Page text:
In addition to these, he is very pleased that new artists have added new identities and that young women and men such as Lens, De Luca and Dax J can find their place on the stage because these were things that could not be seen in the past. He says that new talents came to the stage with ingenious ideas and brought this movement to an unbelievable place.
So finally, instead of the usual techno, you’re doing a house set at the 51st State Festival now?
In this part of the speech, the artist conveys in his own words what he has been doing lately and where he is now:
“Yeah, they had to mention that (laughs), “how can he be on the lineup? He’s a techno DJ? How?” – no, I’ll say, don’t worry, he has house under his name, you’ll all be fine. You know I came from house music, it’s exactly where I want to be and what I want to do. I’ve done it before with these guys two years ago, it’s really funny – I think you’re going to have some people turning up who want to see me fail! I’ll tell you now, I’m going to put one record on and you’re gonna die. They’re going to go, “Wow’! Coxy gets one tune, so that tune better be special.”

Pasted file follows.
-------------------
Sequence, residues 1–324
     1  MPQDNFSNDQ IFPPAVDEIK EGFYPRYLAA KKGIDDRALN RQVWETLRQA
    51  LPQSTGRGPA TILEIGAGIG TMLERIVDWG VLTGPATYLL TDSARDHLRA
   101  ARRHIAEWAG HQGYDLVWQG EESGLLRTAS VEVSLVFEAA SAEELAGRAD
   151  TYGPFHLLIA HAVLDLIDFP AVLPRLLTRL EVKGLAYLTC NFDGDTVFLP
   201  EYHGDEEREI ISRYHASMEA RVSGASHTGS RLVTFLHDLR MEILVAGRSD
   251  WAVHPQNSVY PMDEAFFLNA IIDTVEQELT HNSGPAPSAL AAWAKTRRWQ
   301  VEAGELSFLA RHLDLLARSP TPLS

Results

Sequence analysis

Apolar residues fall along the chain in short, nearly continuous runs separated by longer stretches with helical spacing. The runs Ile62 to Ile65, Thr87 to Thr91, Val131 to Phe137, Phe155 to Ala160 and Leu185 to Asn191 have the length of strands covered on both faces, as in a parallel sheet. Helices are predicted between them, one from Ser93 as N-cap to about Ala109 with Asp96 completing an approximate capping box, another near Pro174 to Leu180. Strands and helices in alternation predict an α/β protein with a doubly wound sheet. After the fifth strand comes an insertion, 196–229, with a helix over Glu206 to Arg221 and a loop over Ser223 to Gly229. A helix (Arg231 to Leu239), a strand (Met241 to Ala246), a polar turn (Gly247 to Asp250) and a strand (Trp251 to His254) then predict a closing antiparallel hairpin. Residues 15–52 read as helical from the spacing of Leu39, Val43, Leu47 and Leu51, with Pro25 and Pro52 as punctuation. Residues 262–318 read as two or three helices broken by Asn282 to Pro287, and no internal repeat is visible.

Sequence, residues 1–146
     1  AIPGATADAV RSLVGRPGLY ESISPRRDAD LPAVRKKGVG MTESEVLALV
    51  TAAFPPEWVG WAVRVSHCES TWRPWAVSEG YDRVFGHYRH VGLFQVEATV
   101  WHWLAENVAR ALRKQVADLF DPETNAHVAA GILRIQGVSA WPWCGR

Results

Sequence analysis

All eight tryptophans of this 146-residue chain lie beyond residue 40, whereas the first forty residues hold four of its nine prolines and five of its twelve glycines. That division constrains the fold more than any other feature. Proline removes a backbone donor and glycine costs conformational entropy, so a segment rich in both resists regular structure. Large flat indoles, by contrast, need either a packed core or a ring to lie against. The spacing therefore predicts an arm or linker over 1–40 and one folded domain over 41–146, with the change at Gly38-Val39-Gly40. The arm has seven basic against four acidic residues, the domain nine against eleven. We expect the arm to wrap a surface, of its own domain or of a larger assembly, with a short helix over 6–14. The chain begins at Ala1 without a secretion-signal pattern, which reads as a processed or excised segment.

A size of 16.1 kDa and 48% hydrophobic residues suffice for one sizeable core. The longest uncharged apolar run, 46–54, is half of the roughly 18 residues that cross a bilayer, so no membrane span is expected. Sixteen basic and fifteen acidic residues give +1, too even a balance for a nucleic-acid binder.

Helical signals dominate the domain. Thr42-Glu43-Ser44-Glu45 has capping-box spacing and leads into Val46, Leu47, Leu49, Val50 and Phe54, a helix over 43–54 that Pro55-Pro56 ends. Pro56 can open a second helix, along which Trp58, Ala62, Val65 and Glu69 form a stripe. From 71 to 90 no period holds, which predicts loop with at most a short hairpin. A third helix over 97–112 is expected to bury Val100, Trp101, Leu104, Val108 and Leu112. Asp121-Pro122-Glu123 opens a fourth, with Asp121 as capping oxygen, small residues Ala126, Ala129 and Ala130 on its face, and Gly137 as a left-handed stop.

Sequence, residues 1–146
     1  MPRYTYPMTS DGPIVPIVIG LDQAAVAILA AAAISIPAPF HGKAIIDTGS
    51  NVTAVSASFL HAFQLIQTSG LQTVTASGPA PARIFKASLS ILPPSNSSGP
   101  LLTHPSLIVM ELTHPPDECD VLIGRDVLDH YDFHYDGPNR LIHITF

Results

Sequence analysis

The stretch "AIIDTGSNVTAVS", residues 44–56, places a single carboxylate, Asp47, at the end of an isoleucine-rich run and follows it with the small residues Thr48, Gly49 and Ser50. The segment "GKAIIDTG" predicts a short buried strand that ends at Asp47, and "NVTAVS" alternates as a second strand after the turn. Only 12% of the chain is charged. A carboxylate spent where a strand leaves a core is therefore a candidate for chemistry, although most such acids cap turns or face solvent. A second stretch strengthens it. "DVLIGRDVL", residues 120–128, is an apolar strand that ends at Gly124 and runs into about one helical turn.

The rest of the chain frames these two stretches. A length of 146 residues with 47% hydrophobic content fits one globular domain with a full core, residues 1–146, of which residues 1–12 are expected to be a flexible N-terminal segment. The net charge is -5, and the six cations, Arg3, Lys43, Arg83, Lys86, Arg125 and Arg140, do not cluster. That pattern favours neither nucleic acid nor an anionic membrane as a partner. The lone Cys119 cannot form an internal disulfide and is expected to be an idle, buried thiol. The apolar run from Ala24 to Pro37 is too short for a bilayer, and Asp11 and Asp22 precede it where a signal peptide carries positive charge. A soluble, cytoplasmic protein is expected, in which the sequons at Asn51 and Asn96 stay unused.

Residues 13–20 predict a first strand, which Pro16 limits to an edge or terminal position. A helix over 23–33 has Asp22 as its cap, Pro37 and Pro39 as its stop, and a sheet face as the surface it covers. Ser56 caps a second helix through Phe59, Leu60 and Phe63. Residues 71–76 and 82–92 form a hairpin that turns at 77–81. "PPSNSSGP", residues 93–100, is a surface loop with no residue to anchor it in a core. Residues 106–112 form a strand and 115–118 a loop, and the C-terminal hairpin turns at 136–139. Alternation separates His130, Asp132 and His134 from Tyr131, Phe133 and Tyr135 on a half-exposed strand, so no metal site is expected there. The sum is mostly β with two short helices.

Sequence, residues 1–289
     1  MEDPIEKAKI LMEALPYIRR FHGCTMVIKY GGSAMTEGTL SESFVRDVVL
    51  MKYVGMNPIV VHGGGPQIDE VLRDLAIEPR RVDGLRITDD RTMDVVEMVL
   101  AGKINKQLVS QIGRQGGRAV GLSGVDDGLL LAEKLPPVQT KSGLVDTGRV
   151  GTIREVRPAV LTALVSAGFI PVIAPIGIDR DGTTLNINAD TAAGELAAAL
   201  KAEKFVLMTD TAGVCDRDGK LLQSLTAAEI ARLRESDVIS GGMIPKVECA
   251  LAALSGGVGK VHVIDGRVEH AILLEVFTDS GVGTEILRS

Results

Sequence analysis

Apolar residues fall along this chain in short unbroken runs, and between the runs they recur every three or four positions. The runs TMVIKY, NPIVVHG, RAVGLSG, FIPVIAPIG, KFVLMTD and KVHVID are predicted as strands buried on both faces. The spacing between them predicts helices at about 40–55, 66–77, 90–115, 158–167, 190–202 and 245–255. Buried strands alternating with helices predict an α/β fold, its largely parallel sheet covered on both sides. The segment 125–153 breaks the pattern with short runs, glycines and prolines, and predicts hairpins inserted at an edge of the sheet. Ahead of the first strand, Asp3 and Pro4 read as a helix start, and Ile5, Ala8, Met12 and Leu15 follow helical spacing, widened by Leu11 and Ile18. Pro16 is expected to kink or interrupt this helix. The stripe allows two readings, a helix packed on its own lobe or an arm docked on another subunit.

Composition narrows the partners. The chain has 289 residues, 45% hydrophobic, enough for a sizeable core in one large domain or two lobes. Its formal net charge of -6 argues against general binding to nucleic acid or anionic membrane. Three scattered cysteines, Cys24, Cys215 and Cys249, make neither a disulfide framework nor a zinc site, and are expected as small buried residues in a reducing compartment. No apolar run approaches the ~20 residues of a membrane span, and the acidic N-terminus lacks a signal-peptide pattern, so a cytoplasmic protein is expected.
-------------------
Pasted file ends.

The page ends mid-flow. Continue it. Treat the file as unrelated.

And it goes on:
But yeah, I could do that whole festival myself with all the music I have from house music. I kind of like it, it keeps me on my toes – I’m really conscious about it, I’m not known for playing house music. Most of these DJs on there know where I came from, I can’t wait to play some of those old records. I just hope the crowd get it, because the music I grew up with, where I came from, it would be hard to see that fall on deaf ears.”
We would like to express our thanks to The Independent for giving us this beautiful interview and you can click this link to access the full article. In addition, if you want to follow the house set including Cox, you can reach and learn more at this address,